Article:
My predawn walk to the mailbox this morning was marked by the beauty of trees coated with snow. That kind of wet snow that clings to every branch creating the effect of a winter wonderland. The kind of winter scene we enjoy so much in December.
However, it is May. Magnolia trees are in full bloom. Our maple and ash trees sprout seeds and leaves. The grass is green and growing with enough vigor that we’ve already mowed and begun collecting grass clippings for mulch on the garden.
During my walk to the mailbox, I considered how pretty this record snowfall was in spite of its untimely arrival and planned to bring my camera out to capture this winter/spring visual delight when the sun was up.
Later, as I trudged through the snow, I faced the beauty and beast nature of this snowstorm. Snow against the raspberry sherbet redbud blossoms, the luxurious pink magnolia blooms, and the spring green tree leaves was striking in its beauty. However, already laden with heavy blossoms, the limbs of the magnolia tree drooped to the ground under the added weight. Some had cracked. Our old willow tree, already damaged by a heavy winter storm lost so many branches it’s hard to tell where the tree ends and the ground begins. Around me, the sound of tree limbs snapping punctuated the air. A beast tore through our landscape.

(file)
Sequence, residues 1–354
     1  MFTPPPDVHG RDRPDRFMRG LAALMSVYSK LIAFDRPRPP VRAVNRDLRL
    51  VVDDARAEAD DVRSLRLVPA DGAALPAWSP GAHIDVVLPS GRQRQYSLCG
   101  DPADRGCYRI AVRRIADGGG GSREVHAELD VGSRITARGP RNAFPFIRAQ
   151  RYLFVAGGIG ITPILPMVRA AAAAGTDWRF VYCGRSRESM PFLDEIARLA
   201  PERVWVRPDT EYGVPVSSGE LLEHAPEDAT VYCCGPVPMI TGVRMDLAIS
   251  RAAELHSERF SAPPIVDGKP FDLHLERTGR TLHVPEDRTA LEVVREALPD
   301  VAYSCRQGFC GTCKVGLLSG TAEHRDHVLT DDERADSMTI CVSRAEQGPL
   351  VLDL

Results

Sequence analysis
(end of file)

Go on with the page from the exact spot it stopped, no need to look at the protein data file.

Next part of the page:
As I sit looking out my window, I mourn once-beautiful trees that appear to have had a bomb set off in the middle, I wonder if they’ll survive such an assault. I cannot help but think of the Boston Marathon. There, too, unexpected violence ripped apart a beautiful spring scene.
I take hope in that nature has a remarkable way of healing. Some of our trees may not survive. But I expect most of them will. The scars will be visible for years, perhaps forever, but the trees survive. In the Boston bombings, three people did not survive the assault. But most will. They’ll have scars, but most will survive. Nature and human nature. We survive.